Drink Magazine

Is the Sky Falling? A Few Words on … the ‘Craft Beer Bubble’ (with Charts!)

By Bryan Roth @bryandroth

main stages of bubble 1

From 2000 to 2006, American home values nearly doubled.

From 1995 to 2001, the Nasdaq Composite, driven by the massive dot-com growth of that time, more than quadrupled.

Between 2007 and 2017, craft beer sales are expected to triple. (Or is that tripel? Nailed it.)

One of these things is not like the others … yet.

As history tells us, when the bubbles of the real estate market and dot-com era burst, it took some time to regain traction. As sales of craft beer continue to increase and the number of breweries around the country grows to new historical highs, what’s in store for the world of beer?

Obviously, there are great differences in the realities of real estate, dot-com businesses and beer. However, there are some similarities between the rapid expansion.

First, here’s a look at the housing buildup, which saw values almost double from 2000 to 2006 (courtesy of the NY Times)…

housing chart 2

… and a peak at how the Nasdaq Composite was impacted by dot-com companies, seeing exponential increases leading up to 2000…

dot com bubble 2

… and finally charts showcasing the increase in craft beer sales (courtesy of somethingsbrewing.com)…

Craft-Beer-Sales - somethingsbrewing

… and growth of breweries…

brweery count

There are lots of varying opinions on the legitimacy of the craft beer bubble. While we don’t know for sure what will happen, there does seem to be hints that we’re in the “Mania Phase” of an economic bubble which comes just before the “Blow off” crash.

Charlie Papazian, one of the godfathers of craft beer, doesn’t believe in the threat of the bubble:

We are knee-deep in foam (laughing) and it’s rising all around us. By 2017, [the Brewers Association] anticipates pretty confidently that we’ll have 10 percent of the volume, and at that point, the momentum will take us pass that.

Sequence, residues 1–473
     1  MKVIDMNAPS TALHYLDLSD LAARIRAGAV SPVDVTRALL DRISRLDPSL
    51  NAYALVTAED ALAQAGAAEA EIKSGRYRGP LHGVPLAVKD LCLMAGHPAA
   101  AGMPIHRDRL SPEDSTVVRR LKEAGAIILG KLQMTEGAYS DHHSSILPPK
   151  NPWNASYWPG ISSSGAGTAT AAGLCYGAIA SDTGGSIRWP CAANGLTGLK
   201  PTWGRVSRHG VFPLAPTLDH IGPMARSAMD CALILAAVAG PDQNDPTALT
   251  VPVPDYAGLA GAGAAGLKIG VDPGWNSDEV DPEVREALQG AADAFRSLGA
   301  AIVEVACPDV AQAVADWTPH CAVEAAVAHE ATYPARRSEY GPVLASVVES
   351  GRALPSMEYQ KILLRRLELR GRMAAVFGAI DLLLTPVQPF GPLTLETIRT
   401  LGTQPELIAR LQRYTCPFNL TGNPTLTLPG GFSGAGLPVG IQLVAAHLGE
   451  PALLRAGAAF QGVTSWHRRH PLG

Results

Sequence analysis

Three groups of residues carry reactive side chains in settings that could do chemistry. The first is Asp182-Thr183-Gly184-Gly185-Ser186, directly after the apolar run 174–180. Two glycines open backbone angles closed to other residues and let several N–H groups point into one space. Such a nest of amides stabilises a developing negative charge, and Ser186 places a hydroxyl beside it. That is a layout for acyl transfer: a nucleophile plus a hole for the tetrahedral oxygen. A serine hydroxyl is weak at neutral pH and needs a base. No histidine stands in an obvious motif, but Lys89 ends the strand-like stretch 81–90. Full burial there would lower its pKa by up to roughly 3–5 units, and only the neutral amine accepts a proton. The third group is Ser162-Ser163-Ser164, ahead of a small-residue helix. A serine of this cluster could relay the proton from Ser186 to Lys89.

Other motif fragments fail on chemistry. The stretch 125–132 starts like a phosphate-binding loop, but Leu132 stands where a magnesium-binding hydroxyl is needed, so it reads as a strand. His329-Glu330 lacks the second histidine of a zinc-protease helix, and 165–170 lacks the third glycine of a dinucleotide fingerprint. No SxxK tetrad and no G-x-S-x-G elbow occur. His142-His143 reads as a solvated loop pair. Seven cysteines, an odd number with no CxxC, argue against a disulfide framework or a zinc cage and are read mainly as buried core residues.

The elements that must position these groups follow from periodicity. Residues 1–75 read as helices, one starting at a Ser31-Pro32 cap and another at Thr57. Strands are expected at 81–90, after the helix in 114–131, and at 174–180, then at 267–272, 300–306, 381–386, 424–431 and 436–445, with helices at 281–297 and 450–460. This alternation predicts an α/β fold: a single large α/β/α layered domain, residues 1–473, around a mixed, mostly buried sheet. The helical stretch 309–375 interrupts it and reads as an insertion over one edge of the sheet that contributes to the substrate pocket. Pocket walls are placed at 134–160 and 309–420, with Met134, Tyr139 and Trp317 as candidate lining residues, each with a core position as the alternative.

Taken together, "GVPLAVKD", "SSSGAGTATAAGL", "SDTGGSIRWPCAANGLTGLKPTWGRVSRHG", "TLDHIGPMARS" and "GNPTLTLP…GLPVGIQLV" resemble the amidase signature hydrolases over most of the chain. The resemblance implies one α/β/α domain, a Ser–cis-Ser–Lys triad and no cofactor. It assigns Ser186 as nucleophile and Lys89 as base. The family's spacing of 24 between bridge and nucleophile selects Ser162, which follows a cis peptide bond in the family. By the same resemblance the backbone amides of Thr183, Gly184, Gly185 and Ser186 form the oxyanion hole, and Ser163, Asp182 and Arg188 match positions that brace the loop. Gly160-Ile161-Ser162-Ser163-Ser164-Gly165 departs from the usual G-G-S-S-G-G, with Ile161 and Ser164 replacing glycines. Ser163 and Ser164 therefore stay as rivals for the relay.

The 10 percent volume refers to craft beer’s overall market share, which stood at 5.7 percent in 2011. In all fariness, not all industry insiders believe that such fast growth is a sure-fire, good thing. Jim Koch, another early pioneer for the craft movement, is a bit weary:

He thinks the market share could grow to 10 percent by the end of the decade, but he thinks that most stores have reached their limit for all the new breweries. He said there are too many breweries brewing similar beers without adding anything to the market.

Everyone’s got an IPA now and everyone’s trying to hop the living crap out of it. Why? Because novelty accounts for something in the current state of our market. With so many options – and often somewhat similar options – brewers have to find a way to stand out.

That doesn’t mean everyone is doomed. It just means at a time when competition is fierce, shelf space is limited and livers bellies are full, can all this growth sustain itself?

As Papazian points out, the beer industry saw a boon in the late 1990s because “investment people got involved and people were getting into the business for the wrong reasons.” Are we terribly far away from this now? Lots of people are getting into the industry today because of its monumental growth and there’s money to be made. But they’re also getting into the industry because of their genuine love of beer.

Chicken or the egg?

No matter how big the threat of a bubble may be, there seems to be no question that one exists. It’s just a matter of how big and strong it can get and its risk for bursting. In the meantime, craft beer is growing, we’re enjoying tasty brews and people are loving it. That’s a good thing.

But maybe it’s also a good thing to pay just a little attention to that voice in the back of our heads

And while we’re excited by all this growth and activity – there’s a small voice in the back of our head advising caution. Some of us watched our portfolios multiply madly before the Tech boom went bust. Many of us saw our homes’ values go through the roof until everything eventually collapsed.

Some food beer for thought.

+Bryan Roth


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